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Dear Abby: Couple battles over who handles bill-paying

Dear Abby
Jeanne Phillips

Dear Abby: My newly retired husband and I lead a nice life and are in good health. Our two girls are grown and established. Our battle is over my husband “taking back” some of the duties I have performed for years, like paying and mailing out our monthly bills, some of which I pay in person.

This task is easy for me and never a hardship. We have excellent credit. He now wants all the bills to come to him online, and he’ll pay them online, leaving me out of the process. He knows I enjoyed doing it and considered it my purview.

I want to continue to handle bill paying as I always have, occasionally taking a statement to a department store or whatever. Paying for checks is not a problem for us. I use a debit card for regular shopping and a credit card in certain stores. I am not a spend-a-holic.

My husband paying bills online cuts me out of the process, and I don’t like it. I prefer the method I have used for decades. Is this more of a control issue than anything else? Any ideas?

— Stifled in Washington

Dear Stifled: Yes, it is a control issue. It is also an indication that your husband doesn’t have enough to do. Because the bill paying is partly a social outlet for you, you should not allow the task to be taken over. Tell your husband he needs to find something else to do — mow the lawn, paint the garage, volunteer his time — but not the bill paying because it makes you uncomfortable.

A compromise might be for him to pay some of the bills online and you pay the rest. However, if something unexpected happens to your husband (illness, death, murder?), you absolutely must know how the online system works so you can assume the task seamlessly.

Dear Abby: I met my husband 22 years ago and decided to move in with him. I was 21. My mother has never approved of him. He is a blue-collar, hardworking, huge-hearted man. We fell hard for each other, and I didn’t care that he wasn’t rich. I know Mom was disappointed that I didn’t marry a doctor or a lawyer. Instead, I married the man I fell in love with.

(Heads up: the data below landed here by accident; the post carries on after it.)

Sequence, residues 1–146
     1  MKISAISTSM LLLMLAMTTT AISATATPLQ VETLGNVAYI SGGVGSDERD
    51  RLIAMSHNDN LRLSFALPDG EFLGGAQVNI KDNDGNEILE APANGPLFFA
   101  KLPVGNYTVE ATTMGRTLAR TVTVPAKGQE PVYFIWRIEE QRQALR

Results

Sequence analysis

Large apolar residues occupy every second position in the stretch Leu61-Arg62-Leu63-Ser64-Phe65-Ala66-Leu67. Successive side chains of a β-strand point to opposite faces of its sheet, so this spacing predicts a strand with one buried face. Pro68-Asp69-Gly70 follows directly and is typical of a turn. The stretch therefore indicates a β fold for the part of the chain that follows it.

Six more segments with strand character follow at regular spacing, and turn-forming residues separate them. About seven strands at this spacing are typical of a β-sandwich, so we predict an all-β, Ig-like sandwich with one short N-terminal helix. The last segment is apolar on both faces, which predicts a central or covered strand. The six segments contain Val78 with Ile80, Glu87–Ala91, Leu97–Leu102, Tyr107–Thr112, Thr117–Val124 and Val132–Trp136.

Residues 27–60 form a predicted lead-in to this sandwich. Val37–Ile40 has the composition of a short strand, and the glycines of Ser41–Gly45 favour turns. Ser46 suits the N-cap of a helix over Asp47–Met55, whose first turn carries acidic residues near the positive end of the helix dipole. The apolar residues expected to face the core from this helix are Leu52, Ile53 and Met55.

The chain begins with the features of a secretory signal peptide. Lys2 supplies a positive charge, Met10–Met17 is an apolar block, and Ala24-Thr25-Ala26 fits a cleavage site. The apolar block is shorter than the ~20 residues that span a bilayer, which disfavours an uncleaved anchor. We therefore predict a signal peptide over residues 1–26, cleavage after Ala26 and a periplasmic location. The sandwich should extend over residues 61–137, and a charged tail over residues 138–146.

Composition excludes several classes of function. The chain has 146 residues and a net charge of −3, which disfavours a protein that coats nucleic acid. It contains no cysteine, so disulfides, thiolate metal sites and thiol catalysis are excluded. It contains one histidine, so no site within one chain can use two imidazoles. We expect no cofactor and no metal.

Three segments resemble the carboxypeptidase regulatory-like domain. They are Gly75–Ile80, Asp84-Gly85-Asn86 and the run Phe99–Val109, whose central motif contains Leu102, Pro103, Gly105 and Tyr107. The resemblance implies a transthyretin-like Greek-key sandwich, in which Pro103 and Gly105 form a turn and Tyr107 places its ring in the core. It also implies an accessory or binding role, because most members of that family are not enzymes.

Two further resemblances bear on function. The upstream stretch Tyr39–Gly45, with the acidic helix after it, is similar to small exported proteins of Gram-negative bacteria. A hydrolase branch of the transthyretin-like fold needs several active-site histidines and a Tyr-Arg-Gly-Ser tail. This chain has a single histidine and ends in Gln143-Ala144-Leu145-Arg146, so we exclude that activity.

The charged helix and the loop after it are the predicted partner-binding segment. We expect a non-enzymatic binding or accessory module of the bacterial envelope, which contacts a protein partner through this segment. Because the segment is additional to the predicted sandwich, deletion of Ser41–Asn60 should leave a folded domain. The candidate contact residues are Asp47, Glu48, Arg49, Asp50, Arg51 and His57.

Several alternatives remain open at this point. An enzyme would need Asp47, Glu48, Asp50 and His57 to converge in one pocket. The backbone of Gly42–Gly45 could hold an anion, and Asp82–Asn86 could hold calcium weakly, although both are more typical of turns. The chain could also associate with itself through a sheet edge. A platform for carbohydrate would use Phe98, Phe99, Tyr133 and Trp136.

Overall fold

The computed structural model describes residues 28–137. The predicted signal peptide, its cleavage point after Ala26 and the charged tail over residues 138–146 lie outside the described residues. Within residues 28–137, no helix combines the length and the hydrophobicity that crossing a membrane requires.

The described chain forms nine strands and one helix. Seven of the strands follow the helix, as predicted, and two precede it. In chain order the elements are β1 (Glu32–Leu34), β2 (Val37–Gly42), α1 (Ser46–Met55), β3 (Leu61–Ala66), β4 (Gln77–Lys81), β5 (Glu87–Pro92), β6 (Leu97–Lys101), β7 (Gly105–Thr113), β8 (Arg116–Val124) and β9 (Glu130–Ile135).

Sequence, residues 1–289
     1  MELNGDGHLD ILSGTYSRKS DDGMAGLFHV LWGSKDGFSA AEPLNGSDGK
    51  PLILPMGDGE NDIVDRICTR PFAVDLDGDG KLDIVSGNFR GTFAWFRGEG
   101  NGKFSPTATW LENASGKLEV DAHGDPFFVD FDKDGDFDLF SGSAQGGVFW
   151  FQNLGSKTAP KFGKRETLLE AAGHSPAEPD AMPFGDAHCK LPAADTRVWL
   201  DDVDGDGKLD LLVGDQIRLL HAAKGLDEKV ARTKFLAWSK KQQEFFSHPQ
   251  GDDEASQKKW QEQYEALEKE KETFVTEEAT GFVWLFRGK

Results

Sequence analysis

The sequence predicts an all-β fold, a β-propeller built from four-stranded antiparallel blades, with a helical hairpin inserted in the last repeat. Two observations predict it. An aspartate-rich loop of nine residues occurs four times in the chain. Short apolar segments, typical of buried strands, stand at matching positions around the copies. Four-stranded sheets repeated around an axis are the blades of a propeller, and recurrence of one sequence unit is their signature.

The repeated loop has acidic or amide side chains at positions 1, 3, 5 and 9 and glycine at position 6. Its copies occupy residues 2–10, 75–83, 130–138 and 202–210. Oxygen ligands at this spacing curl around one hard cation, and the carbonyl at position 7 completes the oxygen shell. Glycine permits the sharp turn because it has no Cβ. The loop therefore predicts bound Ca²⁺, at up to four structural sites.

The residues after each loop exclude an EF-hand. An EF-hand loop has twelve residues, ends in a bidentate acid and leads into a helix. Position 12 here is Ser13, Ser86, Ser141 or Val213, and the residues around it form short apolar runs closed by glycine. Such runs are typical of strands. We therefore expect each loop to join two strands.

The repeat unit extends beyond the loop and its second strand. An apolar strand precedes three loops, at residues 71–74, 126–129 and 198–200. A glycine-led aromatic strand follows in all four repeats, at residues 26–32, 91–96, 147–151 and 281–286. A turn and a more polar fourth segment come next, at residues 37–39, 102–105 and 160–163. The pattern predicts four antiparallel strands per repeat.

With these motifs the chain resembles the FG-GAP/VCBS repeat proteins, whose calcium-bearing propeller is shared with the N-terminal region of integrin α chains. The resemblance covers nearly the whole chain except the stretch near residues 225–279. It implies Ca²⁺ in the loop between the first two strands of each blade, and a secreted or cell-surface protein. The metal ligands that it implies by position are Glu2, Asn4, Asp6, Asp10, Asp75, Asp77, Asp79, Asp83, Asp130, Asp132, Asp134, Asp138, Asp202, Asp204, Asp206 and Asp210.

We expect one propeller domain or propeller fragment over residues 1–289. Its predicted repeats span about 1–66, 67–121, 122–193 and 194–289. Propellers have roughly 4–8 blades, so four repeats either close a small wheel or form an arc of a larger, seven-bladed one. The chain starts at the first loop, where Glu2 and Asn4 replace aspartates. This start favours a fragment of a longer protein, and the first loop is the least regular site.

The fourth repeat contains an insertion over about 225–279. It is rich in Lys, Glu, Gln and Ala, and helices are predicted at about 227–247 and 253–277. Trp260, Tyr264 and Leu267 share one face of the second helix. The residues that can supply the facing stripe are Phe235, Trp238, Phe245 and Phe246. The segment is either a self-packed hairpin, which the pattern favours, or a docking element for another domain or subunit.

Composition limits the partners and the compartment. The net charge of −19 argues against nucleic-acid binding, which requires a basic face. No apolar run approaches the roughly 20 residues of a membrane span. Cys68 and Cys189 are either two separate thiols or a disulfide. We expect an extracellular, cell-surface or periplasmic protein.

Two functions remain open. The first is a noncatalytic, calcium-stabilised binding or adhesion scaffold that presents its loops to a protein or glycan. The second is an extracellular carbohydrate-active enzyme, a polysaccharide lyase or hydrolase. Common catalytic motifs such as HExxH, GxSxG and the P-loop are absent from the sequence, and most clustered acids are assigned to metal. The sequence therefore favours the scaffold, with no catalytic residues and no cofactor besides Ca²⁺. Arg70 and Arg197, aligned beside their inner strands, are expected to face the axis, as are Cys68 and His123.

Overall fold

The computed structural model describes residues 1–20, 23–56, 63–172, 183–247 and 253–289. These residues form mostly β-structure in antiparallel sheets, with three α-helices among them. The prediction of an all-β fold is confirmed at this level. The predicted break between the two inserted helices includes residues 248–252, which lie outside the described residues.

The last 22 years haven’t been easy. She acts like she accepts him, but then she says horrible things about him. We both have helped my parents during some difficult times, but she still says things that hurt like, “I’m glad you two never had kids.”

Well, lo and behold, I ended up getting pregnant at 40, and we have an amazing son together. I keep trying to start over with Mom, especially since my son was born, but she has continued her evil ways.

I’m finally done with her, and my husband and I have decided to move to another state where my husband’s family lives so our son can grow up surrounded by loving people. I feel sad, but my mother is not willing to accept us. Am I doing the right thing by moving? (My father passed away, and we hung in through her verbal abuse just to make sure Dad was well-taken care of.)

— Anxious in Arizona

Dear Anxious: I’m sorry for what you and your husband have been put through. You have clearly tried to make the relationship with your mother work. Because YOU are a mother now, focus on creating a happy life for your son, your husband and yourself. You are doing the right thing for the right reasons. Your mother is toxic. Bon voyage!

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